Tips and tricks
How to Read Wine Labels
Each bottle of wine typically has two labels. The back label usually provides basic information such as the volume of wine in the bottle and various government warnings, including the phrase “Contains Sulfites.” (Sulfites are a common food preservative to which about 1% of people in the world are allergic.) The front label, on the other hand, is usually splashy and attractive but needs a little explanation.
New World Wine Labels
Front labels on New World wines typically contain the following information:
• Wine Type: The basic category into which the wine falls—table wine, dessert wine, or sparkling wine. In the United States, table wine refers to a red or white wine that has no more than 14% alcohol.
• Growing Region: The region where the grapes were grown. In the United States, a wine cannot have a regional appellation label unless at least 85% of the grapes were actually grown in that region. Rules in other countries vary.
• Reserve Designation: An essentially meaningless piece of information, since no rules govern what “reserve” means. On one bottle “reserve” might mean higher quality; on another it might mean nothing.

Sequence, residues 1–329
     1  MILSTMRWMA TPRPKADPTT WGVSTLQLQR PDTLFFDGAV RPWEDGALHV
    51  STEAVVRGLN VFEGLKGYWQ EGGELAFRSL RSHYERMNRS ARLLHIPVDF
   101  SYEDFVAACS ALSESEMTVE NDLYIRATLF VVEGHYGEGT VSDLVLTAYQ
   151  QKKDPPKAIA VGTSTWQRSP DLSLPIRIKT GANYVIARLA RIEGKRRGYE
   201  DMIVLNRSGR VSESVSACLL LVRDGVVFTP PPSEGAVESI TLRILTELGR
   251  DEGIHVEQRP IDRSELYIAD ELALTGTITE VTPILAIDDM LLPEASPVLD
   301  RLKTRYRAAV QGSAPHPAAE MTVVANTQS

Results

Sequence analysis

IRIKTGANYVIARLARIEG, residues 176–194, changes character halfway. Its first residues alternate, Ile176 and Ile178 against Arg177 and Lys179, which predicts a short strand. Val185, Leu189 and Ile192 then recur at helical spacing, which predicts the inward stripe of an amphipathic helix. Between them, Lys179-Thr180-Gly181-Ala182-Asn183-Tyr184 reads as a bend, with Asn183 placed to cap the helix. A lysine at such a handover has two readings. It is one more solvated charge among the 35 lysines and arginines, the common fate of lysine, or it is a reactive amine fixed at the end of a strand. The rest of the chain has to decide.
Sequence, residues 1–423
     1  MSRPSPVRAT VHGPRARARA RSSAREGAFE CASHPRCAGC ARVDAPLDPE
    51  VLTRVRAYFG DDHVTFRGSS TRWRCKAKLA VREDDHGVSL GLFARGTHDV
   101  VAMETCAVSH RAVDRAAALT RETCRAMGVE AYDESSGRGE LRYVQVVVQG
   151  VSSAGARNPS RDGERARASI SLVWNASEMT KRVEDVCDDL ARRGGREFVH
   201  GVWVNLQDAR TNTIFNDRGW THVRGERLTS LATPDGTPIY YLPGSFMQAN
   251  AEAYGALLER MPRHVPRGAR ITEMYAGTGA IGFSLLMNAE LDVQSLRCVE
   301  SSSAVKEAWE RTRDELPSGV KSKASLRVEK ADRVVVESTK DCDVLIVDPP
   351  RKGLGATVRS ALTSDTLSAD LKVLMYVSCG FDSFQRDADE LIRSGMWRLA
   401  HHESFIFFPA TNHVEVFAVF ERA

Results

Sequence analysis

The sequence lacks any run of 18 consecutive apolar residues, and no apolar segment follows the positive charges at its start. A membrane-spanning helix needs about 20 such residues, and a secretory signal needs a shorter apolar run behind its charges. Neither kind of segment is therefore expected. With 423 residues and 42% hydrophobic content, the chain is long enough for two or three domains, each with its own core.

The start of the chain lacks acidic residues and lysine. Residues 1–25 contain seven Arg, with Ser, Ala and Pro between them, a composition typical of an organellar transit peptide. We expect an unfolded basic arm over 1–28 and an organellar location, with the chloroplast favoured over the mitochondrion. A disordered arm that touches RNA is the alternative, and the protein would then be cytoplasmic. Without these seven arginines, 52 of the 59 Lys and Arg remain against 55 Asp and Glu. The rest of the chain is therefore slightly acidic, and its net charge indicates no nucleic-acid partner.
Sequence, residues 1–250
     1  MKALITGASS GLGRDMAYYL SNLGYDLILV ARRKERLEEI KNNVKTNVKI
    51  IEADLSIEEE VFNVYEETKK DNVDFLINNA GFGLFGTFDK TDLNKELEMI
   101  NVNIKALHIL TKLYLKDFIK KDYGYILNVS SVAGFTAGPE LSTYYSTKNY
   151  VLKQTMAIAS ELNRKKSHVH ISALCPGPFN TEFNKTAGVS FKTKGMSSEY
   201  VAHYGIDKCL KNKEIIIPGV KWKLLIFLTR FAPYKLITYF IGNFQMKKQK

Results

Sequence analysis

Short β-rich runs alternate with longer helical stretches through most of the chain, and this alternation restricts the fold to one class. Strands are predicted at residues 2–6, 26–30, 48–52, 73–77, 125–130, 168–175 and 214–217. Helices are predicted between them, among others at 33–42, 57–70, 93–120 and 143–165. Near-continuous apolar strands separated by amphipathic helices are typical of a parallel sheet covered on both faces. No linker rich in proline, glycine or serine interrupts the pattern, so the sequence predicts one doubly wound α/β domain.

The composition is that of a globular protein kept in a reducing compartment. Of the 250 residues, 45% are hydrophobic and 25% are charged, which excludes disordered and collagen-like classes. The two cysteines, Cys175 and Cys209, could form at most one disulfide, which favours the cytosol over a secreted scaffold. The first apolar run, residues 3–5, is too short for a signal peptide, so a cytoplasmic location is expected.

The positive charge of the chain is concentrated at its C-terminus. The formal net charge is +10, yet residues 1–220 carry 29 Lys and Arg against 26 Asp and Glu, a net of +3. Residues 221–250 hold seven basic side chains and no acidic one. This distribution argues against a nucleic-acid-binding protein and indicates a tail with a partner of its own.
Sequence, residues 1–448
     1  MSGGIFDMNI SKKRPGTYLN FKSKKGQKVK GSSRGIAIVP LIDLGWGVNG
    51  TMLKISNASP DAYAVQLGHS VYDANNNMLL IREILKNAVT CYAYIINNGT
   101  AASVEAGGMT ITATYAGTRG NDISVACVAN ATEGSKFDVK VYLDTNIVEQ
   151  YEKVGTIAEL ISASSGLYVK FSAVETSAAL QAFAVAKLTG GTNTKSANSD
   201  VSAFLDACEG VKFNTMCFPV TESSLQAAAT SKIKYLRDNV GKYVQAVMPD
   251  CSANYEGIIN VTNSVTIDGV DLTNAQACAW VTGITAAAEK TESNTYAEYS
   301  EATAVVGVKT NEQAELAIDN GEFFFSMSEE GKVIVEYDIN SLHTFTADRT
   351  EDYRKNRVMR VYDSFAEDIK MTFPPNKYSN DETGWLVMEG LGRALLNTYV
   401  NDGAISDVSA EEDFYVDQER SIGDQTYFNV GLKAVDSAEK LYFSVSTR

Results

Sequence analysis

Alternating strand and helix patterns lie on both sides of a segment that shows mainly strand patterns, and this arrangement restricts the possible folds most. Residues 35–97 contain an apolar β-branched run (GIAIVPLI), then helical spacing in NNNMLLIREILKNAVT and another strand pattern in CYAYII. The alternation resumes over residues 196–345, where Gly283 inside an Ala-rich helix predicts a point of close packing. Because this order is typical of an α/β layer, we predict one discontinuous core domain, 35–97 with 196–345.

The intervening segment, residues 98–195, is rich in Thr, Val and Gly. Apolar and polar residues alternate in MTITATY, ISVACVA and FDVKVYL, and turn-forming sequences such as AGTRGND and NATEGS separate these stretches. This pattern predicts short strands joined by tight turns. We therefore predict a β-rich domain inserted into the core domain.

• Vintage: The year the grapes (or at least 85% of the grapes) were grown and harvested. Wine gurus know not just where the best wines come from but also the best vintages for each region.
• Bottler Information: The location and name of the bottler. If a vineyard or winery bottles its own wine, then it can call its wine estate bottled. Estate bottled wines are often taken to be better crafted than wines bottled off-site.
European Wine Labels
European wine labels add one important piece of information to their front wine labels: the Appellation of Origin, which doubles as a designation of quality. There are three levels of quality among European wines.
• QWSPR wines: The best wines are marked by a place name followed by a specific phrase indicating that the wine is what the European Union calls a Quality Wine Produced in a Specific Region (QWSPR). Some European countries actually have two QWSPR designations to mark both high- and superior-quality wine.
• Table wines: The next two levels of quality in European wines are referred to as table wines. ( Note that in America the words “table wine” refer to alcohol content, but in Europe the term indicates quality.) Better European table wines have a specific geographic region included in their name; lower-quality table wines don’t.